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Submitted by flu on May 28, 2013 - 7:17am

Submitted by desmond on May 28, 2013 - 7:25am.

The homeowners in this article are geniuses?

http://www.thestreet.com/story/11933280/...

Keep pretending this is a normal housing market. I am not pretending the stock market is normal.....

Submitted by desmond on May 28, 2013 - 7:47am.
Submitted by outtamojo on May 28, 2013 - 7:58am.

Those who avoided 2005-2008 and figured the turn in 2009-2011 are geniuses. Rising home prices = leave the area or keep looking for a place to rent.

Submitted by spdrun on May 28, 2013 - 10:04am.

Very local. A lot of Western states have risen. NYC (area, not the central city) is actually down since last year, with a pile of foreclosures hitting the market right about now. Hope to be able to play in this cesspool soon, since once the foreclosures are sold out, the area will probably go the way of CA.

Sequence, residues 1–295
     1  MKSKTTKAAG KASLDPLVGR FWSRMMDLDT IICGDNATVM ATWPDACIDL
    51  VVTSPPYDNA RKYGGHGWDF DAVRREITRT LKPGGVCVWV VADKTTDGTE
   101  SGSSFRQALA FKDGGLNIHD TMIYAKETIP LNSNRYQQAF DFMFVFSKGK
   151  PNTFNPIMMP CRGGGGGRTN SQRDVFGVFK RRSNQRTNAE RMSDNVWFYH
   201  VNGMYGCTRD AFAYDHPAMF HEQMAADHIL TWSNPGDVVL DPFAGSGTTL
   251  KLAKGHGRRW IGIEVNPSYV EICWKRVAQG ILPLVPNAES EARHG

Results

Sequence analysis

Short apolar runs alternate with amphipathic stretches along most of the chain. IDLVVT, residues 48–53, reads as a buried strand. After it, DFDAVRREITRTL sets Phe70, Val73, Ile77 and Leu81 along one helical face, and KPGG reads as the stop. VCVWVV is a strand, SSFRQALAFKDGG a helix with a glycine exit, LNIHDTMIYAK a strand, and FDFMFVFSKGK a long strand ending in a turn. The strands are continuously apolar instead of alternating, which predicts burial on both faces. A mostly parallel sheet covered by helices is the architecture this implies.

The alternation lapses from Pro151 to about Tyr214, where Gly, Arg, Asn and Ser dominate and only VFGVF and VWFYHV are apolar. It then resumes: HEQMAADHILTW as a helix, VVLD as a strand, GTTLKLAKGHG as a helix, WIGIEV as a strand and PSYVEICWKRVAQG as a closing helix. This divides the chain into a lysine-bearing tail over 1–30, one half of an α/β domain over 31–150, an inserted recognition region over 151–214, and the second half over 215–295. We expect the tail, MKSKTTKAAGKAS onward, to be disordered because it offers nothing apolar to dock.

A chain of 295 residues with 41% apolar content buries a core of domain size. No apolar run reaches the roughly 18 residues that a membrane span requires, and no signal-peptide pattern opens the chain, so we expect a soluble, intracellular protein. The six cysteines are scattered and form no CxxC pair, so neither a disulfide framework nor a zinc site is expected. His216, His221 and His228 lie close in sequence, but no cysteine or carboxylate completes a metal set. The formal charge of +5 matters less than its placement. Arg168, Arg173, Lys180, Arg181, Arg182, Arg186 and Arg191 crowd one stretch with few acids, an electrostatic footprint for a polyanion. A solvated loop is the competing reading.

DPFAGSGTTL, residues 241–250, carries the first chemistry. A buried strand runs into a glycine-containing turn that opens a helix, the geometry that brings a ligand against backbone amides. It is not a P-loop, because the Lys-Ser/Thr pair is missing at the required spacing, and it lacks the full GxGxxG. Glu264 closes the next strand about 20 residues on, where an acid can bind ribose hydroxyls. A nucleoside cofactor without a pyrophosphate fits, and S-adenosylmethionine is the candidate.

No touchy-feely homeowners' bill of rights in NJ, thought, just a hardass Republican governor who's letting the market take its course. Yeah, re taxes are high, but not in all towns. The ones I'm interested in tend to be about 1-2% of value per annum owing to a strong manufacturing and business base.

http://www.deptofnumbers.com/asking-pric...

Submitted by thebazman on May 30, 2013 - 1:07am.

Per the article,

"Rising prices also encourage more would-be buyers to purchase homes, before prices rise further."

If the price trends continue, people may truly be priced out of buying homes.

Submitted by spdrun on May 30, 2013 - 8:27am.

Hopefully, we'll be seeing a Japan-style market crash/correction soon, with home prices following back into the toilet where they belong. "Abenomics" in Japan isn't all powerful as we're seeing. Hopefully, neither is QE3 over here.